09 February 2010 @ 03:50 pm
Longhorn steakhouse parmesan crust?  
Hey guys, I googled this but could not find a recipe or hint of a recipe anywhere. Mainly just more people asking for it OR people bitching about the resturaunt..oh google.

So..I'm wondering if any of you have been to Longhorn steakhouse and had any of their 'parmesan crusted' steaks or chicken. My fiance had this when we went and we both thought it was fantastic. If I could afford to eat there every night I would just do that but since I'll be cooking my own steaks..
Any clue as to what besides the obvious parmesn they use on there? I bought some parmesan to shred on top...but I feel like there are some herbs&spices that they must throw in the mix. Any idea? I have none.

Any help would be awesome..and hopefully delicious :D Thank you hippies.

Also! If you happen to go to this Longhorn place..I totally suggest the parmesan crusted option, you can add it to any steak and it is fantastical !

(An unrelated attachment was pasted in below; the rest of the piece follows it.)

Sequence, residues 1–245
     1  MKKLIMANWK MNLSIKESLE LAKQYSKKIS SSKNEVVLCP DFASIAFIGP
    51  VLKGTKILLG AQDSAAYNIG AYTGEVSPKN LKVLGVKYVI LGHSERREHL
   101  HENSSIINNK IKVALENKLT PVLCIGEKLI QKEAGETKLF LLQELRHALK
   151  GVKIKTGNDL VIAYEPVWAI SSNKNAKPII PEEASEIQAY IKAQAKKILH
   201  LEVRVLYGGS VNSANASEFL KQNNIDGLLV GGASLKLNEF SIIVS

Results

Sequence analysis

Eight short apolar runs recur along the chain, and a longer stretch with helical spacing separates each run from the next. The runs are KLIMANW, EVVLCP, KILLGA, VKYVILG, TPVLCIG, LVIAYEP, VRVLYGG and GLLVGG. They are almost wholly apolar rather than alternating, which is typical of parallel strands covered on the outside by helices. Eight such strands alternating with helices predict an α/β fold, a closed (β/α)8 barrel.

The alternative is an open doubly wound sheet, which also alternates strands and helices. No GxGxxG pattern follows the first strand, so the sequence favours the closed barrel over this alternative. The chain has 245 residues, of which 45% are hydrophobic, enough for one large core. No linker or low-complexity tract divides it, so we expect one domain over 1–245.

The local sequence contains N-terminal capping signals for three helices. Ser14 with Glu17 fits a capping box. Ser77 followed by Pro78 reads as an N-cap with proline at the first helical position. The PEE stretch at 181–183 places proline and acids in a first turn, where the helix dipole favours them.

( 4 comments — Leave a comment )
Kate the Wickedwench33 on February 9th, 2010 08:52 pm (UTC)
shake n bake makes one for chicken, use it and add more cheese!!
miserable, arrogant old bat: leavescottonmanifesto on February 9th, 2010 09:01 pm (UTC)
panko and parm?

holy crap heart attack:
http://answers.yahoo.com/question/index?qid=20091113160015AA4XAwn

Edited at 2010-02-09 09:02 pm (UTC)
Dinidamedini on February 9th, 2010 10:01 pm (UTC)
Never been, but it sounds familiar. Mix about 1 part parm to 2 parts "Italian style" breadcrumbs, season liberally. Lightly brush meat with olive oil, then press into plate with crumb mixture (both sides). Broil.
Ms. Emilycaptain_emily on February 11th, 2010 08:28 am (UTC)
I've never been to Longhorn, but Tradicao, a Brazilian steakhouse in Houston, makes an amazing Parmesan-crusted baby beef and pork.

The main ingredients in the crust are cheese and freshly ground black pepper. There's really not much else to them. If you'd like to add a little bit of fine bread crumbs, that's doable. But the cheese really is the star.

You can add more complimentary herbs, but a good cut of meat shouldn't really need it. Especially if you're adding Parmesan too, since it's a very strng-flavored cheese. (I usually cook my steaks with nothing but canola oil, salt, and pepper anyway.)

Lightly brush your steaks with canola oil, dip them in your cheese mixture, and hit them with some searing heat so that the cheese will form a crust instead of melt. Cast iron works amazingly well for basic rib eyes.
( 4 comments — Leave a comment )